Research ArticleEpidemiology

Vaccine waning and mumps re-emergence in the United States

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Science Translational Medicine  21 Mar 2018:
Vol. 10, Issue 433, eaao5945
DOI: 10.1126/scitranslmed.aao5945
  • Fig. 1 Synthesis of prospective and retrospective cohort studies estimating the relative risk of clinical mumps in vaccinated and unvaccinated individuals.

    We illustrate the results of our meta-analysis of studies of mumps vaccine effectiveness, from which we estimated rates of vaccine waning. (A) Shown here is how estimates of vaccine effectiveness (defined as one minus the relative risk (RR) of experiencing mumps for a vaccinated individual, relative to an unvaccinated individual) differ across the six studies analyzed here. Time since last dose accounts for 66.4% of residual variation in estimates after accounting for random sources of between-study heterogeneity. Points representing study-level estimates are scaled in size to reflect differences in sample size. Lines signify 95% confidence intervals (CIs); arrows indicate where values rounded to the nearest hundredth equal zero. (B) At 6 months after vaccine receipt (the earliest time point assessed in primary studies), we estimate that 96.4% (94.0 to 97.8%) of recipients are protected; we apply this as our estimate of the probability of vaccine take. (C) A parsimonious model of exponentially distributed durations of protection predicts loss of protection after, on average, Embedded Image years (95% CI, 16.7 to 51.1), as indicated by the yellow-plotted area. The blue-plotted area illustrates the distribution of times to loss of protection for vaccinated individuals, generated by pooling exponential distributions parameterized using estimates of ωV. (D) Contrary to the hypothesis of reduced effectiveness against diverse mumps genotypes currently in circulation, we did not identify evidence of a decline in vaccine effectiveness over time, whereas evidence of waning vaccine-derived immunity persisted in a model adjusting for calendar year. Unadjusted estimates of the relative risk of clinical mumps given vaccination—and estimates adjusted for time since vaccination, years since 1964, and doses received—are calculated via meta-regression using incidence data from the original studies (13, 4650). (E) Using this meta-regression framework, we identified no difference (posterior two-sided P > 0.1) in the waning rate (as defined by the inverse of the association between time since vaccination and relative risk of mumps given vaccination; see Materials and Methods) after receipt of a first or second dose (95% CI, 33% decrease to 72% increase in the relative risk of mumps given vaccination per log year since vaccination; posterior two-sided P > 0.1).

  • Fig. 2 Mumps incidence and estimates of population susceptibility over time.

    Here, we illustrate changes in the proportion of the population, by age, predicted to be susceptible to mumps on the basis of the estimated waning rate of vaccine-derived immune protection and the incidence of mumps infection in the population. (A) Overall rates of reported cases declined after vaccine licensure in 1967, punctuated by outbreaks primarily among adolescents from 1984 to 1992 and recent outbreaks (2006 onward) centered among young adults. These outbreaks have corresponded with (B) peaks in the model-inferred proportion of individuals susceptible to mumps infection at 10 to 19 and 20 to 29 years of age, respectively, and (C) reductions in the proportion of infections that cause symptoms and are reported because of vaccine protection against symptoms. (D) Changes in the proportion of individuals susceptible to infection across different ages are plotted against rates of reported cases.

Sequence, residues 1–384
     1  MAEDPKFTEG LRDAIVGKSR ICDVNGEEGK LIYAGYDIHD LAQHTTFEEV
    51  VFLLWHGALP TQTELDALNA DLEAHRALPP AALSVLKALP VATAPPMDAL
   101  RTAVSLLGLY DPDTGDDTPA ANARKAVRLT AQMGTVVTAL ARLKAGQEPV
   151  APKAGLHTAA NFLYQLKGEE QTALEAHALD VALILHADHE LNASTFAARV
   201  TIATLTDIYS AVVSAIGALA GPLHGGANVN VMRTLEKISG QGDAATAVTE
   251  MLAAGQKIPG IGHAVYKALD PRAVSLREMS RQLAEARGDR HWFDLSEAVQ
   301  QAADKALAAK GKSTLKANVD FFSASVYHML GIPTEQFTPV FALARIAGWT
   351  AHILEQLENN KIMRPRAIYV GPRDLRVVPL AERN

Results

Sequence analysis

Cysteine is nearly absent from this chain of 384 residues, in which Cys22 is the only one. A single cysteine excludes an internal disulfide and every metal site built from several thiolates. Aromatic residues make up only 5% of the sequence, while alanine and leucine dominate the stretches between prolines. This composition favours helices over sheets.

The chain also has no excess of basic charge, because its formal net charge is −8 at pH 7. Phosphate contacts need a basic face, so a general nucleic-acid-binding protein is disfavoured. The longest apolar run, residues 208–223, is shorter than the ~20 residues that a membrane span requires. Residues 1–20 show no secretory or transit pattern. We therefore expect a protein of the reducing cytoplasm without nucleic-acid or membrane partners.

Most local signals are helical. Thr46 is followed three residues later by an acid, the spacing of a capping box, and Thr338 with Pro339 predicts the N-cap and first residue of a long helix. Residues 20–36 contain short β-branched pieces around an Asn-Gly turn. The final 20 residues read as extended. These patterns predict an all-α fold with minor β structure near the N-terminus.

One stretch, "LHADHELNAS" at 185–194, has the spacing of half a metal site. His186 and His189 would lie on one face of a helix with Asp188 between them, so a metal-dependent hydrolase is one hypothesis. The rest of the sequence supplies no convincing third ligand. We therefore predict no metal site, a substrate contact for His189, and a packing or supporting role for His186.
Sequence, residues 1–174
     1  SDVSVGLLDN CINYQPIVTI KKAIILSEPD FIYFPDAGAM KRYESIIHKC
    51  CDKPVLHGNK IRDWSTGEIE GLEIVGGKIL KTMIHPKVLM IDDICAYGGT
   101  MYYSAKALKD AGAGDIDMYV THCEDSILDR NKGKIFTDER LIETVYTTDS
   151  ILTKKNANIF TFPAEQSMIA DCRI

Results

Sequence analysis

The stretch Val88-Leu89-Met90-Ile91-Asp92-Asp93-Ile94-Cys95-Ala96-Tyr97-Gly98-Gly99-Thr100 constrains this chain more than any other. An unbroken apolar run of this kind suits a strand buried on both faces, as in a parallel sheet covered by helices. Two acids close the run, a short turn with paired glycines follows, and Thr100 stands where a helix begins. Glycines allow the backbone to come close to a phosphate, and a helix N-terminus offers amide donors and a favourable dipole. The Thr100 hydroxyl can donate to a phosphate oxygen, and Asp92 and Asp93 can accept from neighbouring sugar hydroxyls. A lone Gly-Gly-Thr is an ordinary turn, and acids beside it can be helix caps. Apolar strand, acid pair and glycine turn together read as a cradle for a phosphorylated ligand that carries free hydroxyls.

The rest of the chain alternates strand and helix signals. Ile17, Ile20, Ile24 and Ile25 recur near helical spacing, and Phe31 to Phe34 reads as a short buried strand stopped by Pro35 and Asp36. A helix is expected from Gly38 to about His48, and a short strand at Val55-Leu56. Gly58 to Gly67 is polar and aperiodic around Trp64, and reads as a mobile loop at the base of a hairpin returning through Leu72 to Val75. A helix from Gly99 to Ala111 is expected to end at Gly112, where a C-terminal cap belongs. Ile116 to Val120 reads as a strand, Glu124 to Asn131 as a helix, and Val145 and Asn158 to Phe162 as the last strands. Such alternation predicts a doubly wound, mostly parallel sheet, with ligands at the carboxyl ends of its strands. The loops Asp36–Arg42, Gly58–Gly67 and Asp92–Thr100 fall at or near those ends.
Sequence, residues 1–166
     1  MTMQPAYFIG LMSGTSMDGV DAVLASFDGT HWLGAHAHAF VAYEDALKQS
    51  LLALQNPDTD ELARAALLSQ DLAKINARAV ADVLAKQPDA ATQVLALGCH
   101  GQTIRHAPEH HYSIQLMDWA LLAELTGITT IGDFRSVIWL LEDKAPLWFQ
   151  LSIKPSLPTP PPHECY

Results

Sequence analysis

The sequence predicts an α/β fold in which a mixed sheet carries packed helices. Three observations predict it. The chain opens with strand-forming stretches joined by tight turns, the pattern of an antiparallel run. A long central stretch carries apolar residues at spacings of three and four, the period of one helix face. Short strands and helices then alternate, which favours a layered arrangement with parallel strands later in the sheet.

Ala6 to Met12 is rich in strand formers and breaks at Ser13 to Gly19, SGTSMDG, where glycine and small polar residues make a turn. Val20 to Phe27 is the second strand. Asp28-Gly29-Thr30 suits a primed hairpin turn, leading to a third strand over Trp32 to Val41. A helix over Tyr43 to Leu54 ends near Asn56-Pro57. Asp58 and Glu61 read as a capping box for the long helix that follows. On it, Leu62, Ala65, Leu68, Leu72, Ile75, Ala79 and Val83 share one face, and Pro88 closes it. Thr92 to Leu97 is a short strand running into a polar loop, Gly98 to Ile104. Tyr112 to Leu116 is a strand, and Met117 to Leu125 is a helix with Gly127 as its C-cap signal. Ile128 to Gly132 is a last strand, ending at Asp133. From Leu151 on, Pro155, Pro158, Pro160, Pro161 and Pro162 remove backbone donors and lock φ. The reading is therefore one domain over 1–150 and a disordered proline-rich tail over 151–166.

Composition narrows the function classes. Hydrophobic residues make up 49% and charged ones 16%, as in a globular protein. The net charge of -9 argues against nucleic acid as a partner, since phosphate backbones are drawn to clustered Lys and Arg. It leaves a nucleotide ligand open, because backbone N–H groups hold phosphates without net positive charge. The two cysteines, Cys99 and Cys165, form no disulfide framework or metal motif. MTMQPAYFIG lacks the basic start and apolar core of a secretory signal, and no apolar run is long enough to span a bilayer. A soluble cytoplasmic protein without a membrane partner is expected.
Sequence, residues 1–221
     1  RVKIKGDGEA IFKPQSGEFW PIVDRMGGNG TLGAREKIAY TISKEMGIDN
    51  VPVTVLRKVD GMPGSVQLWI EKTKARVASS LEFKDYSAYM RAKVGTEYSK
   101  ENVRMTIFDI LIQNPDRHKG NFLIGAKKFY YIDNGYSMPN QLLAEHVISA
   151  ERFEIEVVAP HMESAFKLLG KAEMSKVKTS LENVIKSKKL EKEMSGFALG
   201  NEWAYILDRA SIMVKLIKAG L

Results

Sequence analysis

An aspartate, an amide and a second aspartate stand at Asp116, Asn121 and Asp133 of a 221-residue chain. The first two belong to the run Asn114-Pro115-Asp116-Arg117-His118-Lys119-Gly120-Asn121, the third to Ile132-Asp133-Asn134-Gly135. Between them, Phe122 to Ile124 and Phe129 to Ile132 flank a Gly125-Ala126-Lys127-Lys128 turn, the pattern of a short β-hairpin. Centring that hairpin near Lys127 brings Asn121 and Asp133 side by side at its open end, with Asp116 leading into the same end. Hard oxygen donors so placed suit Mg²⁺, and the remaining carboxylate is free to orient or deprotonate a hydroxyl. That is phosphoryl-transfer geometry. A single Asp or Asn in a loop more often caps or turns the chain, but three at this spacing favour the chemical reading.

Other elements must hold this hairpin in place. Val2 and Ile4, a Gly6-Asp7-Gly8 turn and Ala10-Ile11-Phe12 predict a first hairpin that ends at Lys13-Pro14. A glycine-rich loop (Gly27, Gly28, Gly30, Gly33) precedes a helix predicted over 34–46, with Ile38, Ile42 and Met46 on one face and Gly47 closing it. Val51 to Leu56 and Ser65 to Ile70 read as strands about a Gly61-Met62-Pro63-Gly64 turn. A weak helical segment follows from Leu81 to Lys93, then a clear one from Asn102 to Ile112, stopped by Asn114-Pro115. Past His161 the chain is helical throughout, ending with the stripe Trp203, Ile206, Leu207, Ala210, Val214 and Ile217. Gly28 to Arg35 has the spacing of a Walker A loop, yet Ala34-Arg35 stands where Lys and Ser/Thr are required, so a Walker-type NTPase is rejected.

• Fig. 3 Anticipated transmission dynamics under scenarios of vaccine escape and vaccine waning.

    Here, we use a stochastic simulation model to predict the epidemiology of mumps outbreaks under the scenario of mumps virus escaping vaccine-induced immune pressure and the scenario of waning vaccine-derived immunity. (A) A stochastic model of an emerging vaccine-escape strain of mumps virus in a vaccinated population predicts excess incidence in young age groups, in keeping with their higher historical burden of mumps. (B) In contrast, the fit of a model incorporating waning vaccine-derived immunity matches the observed age distribution. (C) Higher overall incidence rates and (D) a younger age distribution of cases are predicted when immune responses to the vaccine offer minimal cross-protection against the circulating strain, as compared to the fit of the model with waning vaccine immunity. (E) Whereas the model with a viral-escape (VE) strain can reproduce the age distribution of cases at low degrees of immunological mismatch, (F) lower-than-reported incidence is expected under this scenario, again in contrast to the fit of a model with waning vaccine immunity. Lines in (E) and (F) signify 95% CIs.